• Delicious food of Gujarat

    by, admin

“Gujarati are made for food and food is made for Gujarati”

Sweets are the most preferred receipe for evey gujarati dish. Without any sweet it’s not said to be a Gujarati dish. Few of them receipes are one of the unique items of India to be served everywhere.

Don’t we all remember iconic dialogue from the movie 3 Idiots.

“Tum Gujarati log ka khaana itna khatarnaak kyu hota hai.. dhokla, fafda, handva, thepla.. jaise missiles hai”.

Well the names may sound like missiles, but it sure is all delicious. Many of us associate Gujarat only with dhokla, khakra or the Gujarati Thali. but North Gujarat, Kacch, Kathiyawad and Surti are four major regions of Gujarat and each of these bring their own uniqueness to Gujarati cuisine. Let us explore some of those Gujarati dishes here.

Undhiyu, a very popular Gujarati dish, is prepared during Uttarayan – the kite flying festival of Gujarat. A mixed vegetable dish comprising of root vegetables, raw banana, and muthiya and spices. Undhiyu along with Puri and Jalebi is the most ideal combination for Uttarayan for all Gujaratis. Health consious people can try Umbadiyu, which is well cooked in an inverted hot pot. This traditional dish is popular in South Gujarat. Cooked for lunch or dinner, it can be relished with roti or parathas

A rolled and cut into bite sized pieces which just melts into your mouth is called Khandvi. It is primarily gram flour and yoghurt that is slow cooked. It is usually garnished with fresh coconut and coriander leaves. A single piece of Khandvi, dipped in Green chilli-garlic chutney would just make you want to eat more and more!

“Gujarat is colourful but receipes of Gujarat is more than it”


A tasty and healthy steamed snack made from freshly ground lentils and chickpea flour, Khaman is very similar to its humble cousin, the world-famous ‘dhokla’. To prepare the khaman, the khaman flour mix is boiled along with turmeric, salt and baking soda to make it light and fluffy. It is then cut up into cubes and usually garnished with mustard seeds, coriander leaves, sev and chopped onions. Traditionally served on a large green leaf called the Kesuda, the modern, urban version is served in newspapers in farsan (snack) shops with tangy chutneys and several pieces of green chillies. Popular adaptations of the khaman include Ameri khaman (mashed up khaman garnished with sev and pomegranate), Nylon khaman (softer and fast-cooking khaman) and Masala khaman.

Dhebra is often confused with Thepla. Dhebra consist of bajra or jowar flour whereas Thepla are made from mainly wheat flour. Dhebras are rolled into smaller discs whereas theplas are rolled into big discs like roti. Dhebras are shallow fried whereas theplas are fried with lesser oil. Only similarity between them is they have fenugreek leaves. Be it Dhebra or Thepla both are yummy, tasty and makes a great snack.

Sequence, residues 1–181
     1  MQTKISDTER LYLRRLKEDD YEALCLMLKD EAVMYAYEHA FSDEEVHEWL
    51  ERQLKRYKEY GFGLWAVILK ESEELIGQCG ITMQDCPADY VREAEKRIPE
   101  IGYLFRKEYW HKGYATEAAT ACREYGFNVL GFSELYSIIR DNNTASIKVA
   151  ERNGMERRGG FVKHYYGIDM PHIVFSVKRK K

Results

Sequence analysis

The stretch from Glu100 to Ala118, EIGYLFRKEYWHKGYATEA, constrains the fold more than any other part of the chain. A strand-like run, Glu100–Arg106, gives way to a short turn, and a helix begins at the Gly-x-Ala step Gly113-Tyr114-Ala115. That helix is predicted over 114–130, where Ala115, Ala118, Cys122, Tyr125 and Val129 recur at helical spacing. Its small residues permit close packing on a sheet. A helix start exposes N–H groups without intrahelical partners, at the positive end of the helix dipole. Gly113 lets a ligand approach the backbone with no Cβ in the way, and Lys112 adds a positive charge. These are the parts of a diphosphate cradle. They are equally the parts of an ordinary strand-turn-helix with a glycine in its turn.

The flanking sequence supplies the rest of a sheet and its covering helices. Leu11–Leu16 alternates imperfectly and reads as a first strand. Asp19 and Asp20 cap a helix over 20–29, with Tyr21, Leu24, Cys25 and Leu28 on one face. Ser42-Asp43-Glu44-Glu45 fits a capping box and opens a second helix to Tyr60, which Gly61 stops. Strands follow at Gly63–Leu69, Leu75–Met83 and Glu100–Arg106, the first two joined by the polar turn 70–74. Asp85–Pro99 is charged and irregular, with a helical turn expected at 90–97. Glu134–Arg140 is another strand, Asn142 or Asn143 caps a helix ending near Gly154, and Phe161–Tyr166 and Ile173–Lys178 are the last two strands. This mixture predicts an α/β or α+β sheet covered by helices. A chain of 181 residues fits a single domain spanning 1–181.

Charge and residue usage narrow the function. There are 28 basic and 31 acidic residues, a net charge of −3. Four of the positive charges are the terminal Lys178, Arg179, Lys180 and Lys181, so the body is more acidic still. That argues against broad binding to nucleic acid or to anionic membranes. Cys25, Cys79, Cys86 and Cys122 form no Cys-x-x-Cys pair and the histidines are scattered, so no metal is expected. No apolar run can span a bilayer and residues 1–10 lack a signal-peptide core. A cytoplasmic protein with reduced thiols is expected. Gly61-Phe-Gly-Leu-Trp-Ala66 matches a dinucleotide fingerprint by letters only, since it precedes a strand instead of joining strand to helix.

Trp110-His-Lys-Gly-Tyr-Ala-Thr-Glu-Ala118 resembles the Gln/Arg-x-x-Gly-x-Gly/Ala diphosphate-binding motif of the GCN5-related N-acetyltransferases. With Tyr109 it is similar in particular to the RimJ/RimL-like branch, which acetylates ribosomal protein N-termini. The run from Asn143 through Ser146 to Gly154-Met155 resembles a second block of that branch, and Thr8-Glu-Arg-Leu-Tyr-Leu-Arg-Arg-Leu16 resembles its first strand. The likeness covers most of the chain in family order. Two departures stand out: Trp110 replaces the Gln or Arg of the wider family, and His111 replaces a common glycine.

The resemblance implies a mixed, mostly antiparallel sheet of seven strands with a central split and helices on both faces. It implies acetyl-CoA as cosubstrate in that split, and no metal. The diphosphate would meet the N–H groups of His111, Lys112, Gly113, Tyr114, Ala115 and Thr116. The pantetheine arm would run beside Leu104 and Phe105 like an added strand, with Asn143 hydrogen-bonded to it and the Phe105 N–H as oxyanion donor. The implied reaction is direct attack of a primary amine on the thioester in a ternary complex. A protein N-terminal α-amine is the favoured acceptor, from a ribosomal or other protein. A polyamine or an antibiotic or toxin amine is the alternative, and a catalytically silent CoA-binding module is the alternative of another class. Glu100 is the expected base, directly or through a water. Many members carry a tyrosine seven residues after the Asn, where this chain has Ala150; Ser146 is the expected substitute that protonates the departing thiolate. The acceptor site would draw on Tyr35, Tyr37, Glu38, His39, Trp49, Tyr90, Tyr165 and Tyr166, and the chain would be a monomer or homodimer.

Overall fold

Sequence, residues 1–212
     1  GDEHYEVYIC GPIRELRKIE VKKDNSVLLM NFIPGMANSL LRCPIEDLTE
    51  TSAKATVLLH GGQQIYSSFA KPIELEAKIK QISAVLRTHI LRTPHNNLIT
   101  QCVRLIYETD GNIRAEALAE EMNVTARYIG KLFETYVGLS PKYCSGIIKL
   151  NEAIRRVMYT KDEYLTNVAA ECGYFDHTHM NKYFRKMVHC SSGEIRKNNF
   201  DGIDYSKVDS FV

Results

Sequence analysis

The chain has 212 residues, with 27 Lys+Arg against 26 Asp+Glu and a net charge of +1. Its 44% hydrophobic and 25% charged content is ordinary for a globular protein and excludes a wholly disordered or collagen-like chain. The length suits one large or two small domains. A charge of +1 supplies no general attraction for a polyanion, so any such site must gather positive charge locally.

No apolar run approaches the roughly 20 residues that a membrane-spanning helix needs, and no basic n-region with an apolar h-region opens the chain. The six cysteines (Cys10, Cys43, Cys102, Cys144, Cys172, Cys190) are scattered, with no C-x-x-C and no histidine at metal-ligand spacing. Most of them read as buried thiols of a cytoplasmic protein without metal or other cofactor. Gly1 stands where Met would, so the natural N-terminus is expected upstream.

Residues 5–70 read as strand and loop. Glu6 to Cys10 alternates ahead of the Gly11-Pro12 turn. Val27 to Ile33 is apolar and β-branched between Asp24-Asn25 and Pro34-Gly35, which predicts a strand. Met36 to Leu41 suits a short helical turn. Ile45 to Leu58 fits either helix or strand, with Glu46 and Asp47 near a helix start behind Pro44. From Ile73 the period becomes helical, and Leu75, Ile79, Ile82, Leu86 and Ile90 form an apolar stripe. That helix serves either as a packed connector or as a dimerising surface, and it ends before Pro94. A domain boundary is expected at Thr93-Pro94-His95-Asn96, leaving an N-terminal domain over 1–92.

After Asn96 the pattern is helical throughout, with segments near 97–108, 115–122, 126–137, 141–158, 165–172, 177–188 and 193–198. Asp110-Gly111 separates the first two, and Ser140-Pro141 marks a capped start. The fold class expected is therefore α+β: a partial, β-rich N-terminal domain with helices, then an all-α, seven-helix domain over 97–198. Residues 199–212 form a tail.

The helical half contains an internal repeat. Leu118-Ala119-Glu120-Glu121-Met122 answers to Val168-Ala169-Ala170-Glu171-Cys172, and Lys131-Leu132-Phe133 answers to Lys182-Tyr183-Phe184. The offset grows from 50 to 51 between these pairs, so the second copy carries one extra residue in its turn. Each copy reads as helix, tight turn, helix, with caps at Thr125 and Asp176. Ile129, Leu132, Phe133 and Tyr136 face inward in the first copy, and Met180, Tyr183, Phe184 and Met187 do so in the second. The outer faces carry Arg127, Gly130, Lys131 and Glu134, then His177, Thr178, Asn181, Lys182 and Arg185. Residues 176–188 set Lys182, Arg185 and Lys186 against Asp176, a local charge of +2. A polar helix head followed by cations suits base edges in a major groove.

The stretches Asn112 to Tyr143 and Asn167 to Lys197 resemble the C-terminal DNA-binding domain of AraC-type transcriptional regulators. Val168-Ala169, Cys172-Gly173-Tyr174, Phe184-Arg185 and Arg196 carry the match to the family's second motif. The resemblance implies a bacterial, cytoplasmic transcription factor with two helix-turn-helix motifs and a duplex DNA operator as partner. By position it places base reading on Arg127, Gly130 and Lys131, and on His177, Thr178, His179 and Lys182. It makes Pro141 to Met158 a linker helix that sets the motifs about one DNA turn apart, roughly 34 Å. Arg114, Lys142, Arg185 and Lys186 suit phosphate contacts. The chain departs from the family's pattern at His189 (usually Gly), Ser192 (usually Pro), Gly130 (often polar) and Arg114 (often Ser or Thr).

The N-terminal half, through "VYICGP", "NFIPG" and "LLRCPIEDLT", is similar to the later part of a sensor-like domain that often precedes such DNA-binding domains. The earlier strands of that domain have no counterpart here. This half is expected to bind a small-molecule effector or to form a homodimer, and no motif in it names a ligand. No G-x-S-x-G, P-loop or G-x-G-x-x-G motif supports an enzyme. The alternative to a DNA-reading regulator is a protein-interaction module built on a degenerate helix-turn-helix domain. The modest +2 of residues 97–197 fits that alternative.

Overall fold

Fist-cakes make for a great breakfast or evening snack is Muthiya. To prepare these, a mixture of chickpea flour, bottle gourd and spices is prepared, steamed, pan-fried and seasoned. If you skip the pan-frying, it becomes a great meal for the health-conscious folks. Other varieties include usage of spinach, fenugreek, amaranth or even bitter gourd. Juicy and fluffy on the inside, golden and crispy on the outside, no one can ever say no to a bowlful of muthia. Best relished with a dash of mint-coriander chutney or ketchup, and a cup of steaming hot tea.

A sweet-salty combination preferred street food in Gujarat. Fafda is basically long strips made from a dough of gram flour and spices. It tastes best with Kadhi (thick gravy made of gram flour and yoghurt), fried green chilies and raw papaya chutney. Fafda with Jalebi makes a great combination. You can find this in every street corner of major cities in Gujarat.

Khakhra is originated from the state of Gujarat, as part of Jain Gujarati cuisine in India. It is a thin crackers made from mat bean, wheat flour and oil. There are many varieties of Khakhra such methi, jeera, Bajra, Math and masala to name a few. It is perfect for an evening snack and will stay fresh throughout your long trip.

Each state in India has its own version of the golden, crispy, pakodas, and Gujarat is no exception. Gota is Gujarat’s very own pakoda dish made from gram flour and fenugreek leaves. Originating from the village of Dakor in Gujarat, Gota is a traditional dish in many Gujarati households and a special delicacy during Holi. Easy and fast to prepare and having a soft texture, it also makes for a delicious evening snack, especially when it is raining outside. Best relished with ketchup or a sweet and tangy chutney.

Lilva Kachori, a spicy and delicious dumplings are made of green pigeon peas as stuffing and plain flour. It is widely consume as winter tea time snacks with Green Chutney or tangy tamarind chutney or tomato sauce.

A signature dish of many Gujarati households with each housewife adding her own special touch to this traditional recipe called Mohanthal. It is a soft fudge-like sweet made from sweetened gram flour (besan) and flavored with saffron, cardamom and nuts like almonds and pistachios. A simple and homely treat for the palate, it is said to be Lord Krishna’s favorite dessert, and hence made very lovingly during the festival of Janmashtami. Although a traditional dessert, it is sometimes also prepared to satisfy those untimely dessert cravings.


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